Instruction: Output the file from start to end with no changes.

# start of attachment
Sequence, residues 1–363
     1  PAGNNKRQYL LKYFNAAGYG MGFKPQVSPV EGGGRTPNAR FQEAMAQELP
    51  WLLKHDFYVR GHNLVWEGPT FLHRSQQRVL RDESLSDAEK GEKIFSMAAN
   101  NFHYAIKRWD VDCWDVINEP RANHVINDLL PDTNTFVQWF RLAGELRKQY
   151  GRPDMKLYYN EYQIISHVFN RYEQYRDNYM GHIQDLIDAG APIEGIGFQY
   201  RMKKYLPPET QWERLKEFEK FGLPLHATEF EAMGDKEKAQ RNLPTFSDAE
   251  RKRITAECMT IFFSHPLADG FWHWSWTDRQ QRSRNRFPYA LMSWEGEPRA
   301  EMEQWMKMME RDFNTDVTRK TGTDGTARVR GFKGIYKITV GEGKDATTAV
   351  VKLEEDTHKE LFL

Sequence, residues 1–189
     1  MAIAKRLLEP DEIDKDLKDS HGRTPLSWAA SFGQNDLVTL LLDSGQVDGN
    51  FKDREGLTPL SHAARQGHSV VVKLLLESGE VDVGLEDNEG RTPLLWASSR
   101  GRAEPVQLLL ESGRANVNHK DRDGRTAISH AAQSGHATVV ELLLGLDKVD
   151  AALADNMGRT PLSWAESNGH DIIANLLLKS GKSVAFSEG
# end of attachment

Sequence, residues 1–363
     1  PAGNNKRQYL LKYFNAAGYG MGFKPQVSPV EGGGRTPNAR FQEAMAQELP
    51  WLLKHDFYVR GHNLVWEGPT FLHRSQQRVL RDESLSDAEK GEKIFSMAAN
   101  NFHYAIKRWD VDCWDVINEP RANHVINDLL PDTNTFVQWF RLAGELRKQY
   151  GRPDMKLYYN EYQIISHVFN RYEQYRDNYM GHIQDLIDAG APIEGIGFQY
   201  RMKKYLPPET QWERLKEFEK FGLPLHATEF EAMGDKEKAQ RNLPTFSDAE
   251  RKRITAECMT IFFSHPLADG FWHWSWTDRQ QRSRNRFPYA LMSWEGEPRA
   301  EMEQWMKMME RDFNTDVTRK TGTDGTARVR GFKGIYKITV GEGKDATTAV
   351  VKLEEDTHKE LFL

Sequence, residues 1–189
     1  MAIAKRLLEP DEIDKDLKDS HGRTPLSWAA SFGQNDLVTL LLDSGQVDGN
    51  FKDREGLTPL SHAARQGHSV VVKLLLESGE VDVGLEDNEG RTPLLWASSR
   101  GRAEPVQLLL ESGRANVNHK DRDGRTAISH AAQSGHATVV ELLLGLDKVD
   151  AALADNMGRT PLSWAESNGH DIIANLLLKS GKSVAFSEG